Yesterday, Chris Onstad posted how he was feeling burnt out on Achewood, thus a more sporadic update schedule. His blog post on the matter was … a little flowery, to say the least. There were several questions still rattling around a lot of fans’ heads, some hurt feelings, etc. etc. etc.
Fortunately, Aaron Colter of Comic Alliance interviewed Mr. Onstad via email to clear up a few points. Here are a few excerpts:
ComicsAlliance: Are you finished with the comics medium for the time, or just the Achewood characters?
Chris Onstad: After ten years of working in the medium, I don’t think I’ll ever lose my taste for it, but I had to admit to myself and my readers that it wasn’t the only medium for me. That’s difficult, because for nearly a decade we poured everything we had into it. Time to spread the wings a bit, but my hope is to return to publishing Achewood on perhaps a weekly basis.
I am certainly not finished with the Achewood characters, by any stretch. I just need to grow them a bit. I’ve been writing them since a time when I was a very different person, and they need to evolve to reflect that.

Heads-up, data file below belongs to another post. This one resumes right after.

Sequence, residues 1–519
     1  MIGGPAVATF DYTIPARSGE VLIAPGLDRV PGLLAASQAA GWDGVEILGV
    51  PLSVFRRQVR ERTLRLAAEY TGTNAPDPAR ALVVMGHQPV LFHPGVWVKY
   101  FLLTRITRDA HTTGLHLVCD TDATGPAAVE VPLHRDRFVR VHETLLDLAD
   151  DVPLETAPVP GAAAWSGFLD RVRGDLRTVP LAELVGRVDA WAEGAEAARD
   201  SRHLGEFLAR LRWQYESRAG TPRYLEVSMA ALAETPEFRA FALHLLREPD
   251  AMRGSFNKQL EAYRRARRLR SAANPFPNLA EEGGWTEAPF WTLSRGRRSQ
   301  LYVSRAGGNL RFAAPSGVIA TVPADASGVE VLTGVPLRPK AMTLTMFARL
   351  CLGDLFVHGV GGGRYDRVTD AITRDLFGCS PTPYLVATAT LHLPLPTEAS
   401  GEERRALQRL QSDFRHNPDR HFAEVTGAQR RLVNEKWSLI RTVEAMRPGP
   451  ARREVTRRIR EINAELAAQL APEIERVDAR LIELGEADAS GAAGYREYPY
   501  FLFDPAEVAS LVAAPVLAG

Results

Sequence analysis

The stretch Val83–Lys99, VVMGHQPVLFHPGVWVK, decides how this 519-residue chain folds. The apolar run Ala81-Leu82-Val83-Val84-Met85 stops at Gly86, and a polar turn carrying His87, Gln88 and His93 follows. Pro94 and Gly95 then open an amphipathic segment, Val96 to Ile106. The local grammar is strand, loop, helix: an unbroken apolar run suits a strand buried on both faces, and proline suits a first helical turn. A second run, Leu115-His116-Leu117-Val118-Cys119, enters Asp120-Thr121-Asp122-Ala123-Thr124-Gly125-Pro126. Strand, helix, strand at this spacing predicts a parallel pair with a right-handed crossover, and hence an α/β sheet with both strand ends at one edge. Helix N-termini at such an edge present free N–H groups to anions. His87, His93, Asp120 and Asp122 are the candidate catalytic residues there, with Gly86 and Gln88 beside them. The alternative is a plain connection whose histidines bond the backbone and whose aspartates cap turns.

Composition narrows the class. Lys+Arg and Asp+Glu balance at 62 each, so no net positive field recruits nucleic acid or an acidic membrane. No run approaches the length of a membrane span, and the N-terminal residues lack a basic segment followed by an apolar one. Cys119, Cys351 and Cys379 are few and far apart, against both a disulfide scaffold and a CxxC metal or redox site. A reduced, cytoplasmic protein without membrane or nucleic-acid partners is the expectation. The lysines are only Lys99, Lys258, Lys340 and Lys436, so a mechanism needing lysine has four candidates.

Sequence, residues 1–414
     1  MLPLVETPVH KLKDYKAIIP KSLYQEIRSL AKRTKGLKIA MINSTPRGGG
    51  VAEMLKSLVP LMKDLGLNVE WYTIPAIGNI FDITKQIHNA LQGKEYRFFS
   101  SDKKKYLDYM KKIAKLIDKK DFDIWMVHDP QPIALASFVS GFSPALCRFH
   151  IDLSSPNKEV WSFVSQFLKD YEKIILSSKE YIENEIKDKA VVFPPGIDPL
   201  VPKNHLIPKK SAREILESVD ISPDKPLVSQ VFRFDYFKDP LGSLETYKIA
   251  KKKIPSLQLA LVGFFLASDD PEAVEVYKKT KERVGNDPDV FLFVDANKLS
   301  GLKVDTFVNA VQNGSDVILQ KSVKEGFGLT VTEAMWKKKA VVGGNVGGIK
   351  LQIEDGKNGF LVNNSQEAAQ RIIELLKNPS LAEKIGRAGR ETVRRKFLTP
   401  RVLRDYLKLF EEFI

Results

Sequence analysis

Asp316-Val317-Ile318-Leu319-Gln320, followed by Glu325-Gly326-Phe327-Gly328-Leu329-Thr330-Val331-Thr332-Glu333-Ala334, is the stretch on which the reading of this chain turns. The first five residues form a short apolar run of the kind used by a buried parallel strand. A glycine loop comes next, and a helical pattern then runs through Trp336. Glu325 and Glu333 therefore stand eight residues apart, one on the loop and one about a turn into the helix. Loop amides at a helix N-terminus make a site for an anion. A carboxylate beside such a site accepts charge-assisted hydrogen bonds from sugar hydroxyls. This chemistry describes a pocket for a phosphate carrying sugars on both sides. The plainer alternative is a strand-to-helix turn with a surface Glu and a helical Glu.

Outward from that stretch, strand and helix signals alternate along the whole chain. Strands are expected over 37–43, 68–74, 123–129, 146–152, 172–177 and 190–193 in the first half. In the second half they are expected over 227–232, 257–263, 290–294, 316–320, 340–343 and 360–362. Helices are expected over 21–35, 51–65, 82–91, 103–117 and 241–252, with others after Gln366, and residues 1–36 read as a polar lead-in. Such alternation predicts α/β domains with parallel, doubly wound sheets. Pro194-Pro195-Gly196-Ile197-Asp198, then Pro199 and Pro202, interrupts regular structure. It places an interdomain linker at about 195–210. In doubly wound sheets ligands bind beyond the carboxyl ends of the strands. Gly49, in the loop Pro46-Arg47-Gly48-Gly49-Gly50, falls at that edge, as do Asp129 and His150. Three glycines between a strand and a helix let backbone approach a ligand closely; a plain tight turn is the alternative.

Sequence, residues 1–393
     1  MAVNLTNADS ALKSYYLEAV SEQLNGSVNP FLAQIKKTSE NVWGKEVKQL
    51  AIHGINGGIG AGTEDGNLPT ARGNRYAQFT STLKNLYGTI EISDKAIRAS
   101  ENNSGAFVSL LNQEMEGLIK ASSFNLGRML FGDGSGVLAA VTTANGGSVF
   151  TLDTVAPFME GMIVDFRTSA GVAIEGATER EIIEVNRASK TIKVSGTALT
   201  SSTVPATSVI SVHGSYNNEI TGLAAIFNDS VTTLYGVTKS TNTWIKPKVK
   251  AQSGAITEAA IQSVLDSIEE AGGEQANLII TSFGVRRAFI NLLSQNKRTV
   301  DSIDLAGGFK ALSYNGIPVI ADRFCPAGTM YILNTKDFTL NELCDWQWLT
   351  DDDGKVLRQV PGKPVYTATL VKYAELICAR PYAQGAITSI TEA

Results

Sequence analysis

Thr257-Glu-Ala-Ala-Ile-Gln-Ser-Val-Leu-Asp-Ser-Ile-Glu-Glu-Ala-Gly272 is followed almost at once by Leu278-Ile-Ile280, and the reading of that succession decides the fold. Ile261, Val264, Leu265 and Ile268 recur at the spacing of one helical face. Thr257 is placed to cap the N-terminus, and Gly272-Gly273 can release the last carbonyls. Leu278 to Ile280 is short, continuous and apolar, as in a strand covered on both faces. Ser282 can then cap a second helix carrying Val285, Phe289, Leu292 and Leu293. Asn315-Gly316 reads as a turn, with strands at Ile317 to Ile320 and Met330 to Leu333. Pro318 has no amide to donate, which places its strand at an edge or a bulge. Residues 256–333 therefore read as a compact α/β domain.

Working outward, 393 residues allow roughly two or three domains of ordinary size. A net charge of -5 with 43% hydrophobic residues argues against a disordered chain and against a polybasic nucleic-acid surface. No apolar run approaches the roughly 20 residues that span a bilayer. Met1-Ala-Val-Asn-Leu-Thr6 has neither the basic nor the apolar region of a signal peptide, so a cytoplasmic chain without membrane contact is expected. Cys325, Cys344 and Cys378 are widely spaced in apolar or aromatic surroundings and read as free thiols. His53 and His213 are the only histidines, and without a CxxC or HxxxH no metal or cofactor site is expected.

CA: You mention in your note that you’re writing prose. Can you give fans any insight as to what it’s about?
CO: I’m branching into food writing, but I won’t say I’ve hit my stride yet. I’m fishing around for a book project.
CA: Do you feel at all under-appreciated by online fans because the series was free?
CO: No. Our online fans supported us by purchasing tons of merchandise through the years, and subscribed to my various pay sites. It was my choice to make the strip a loss leader, and I’m still fine about that. Strips that live entirely behind pay walls — well, I would never look into one.
CA: Was there a reader backlash toward your more experimental strips?
CO: There’s a reader backlash to a comma in what they feel is a place that is “out of voice.” There’s a reader backlash against a dresser being the wrong shade of grey. There’s a reader backlash against the strip taking half a second too long to load. I can’t worry about sh*t like that. There will always be six thousand times as many things written about a strip than was written in the strip itself.
CA: If you could go back and do it all over again, what, if anything, would you have done differently regarding Achewood?
CO: That’s not how I look at life. I think I’ve been lucky to get to do what I do. I am me, I worked my way, and responded honestly to what I saw and what I wanted to present. “Honesty” may not mean much coming from a guy who just took a couple months off with no explanation, but hey, that was honestly all I had to offer.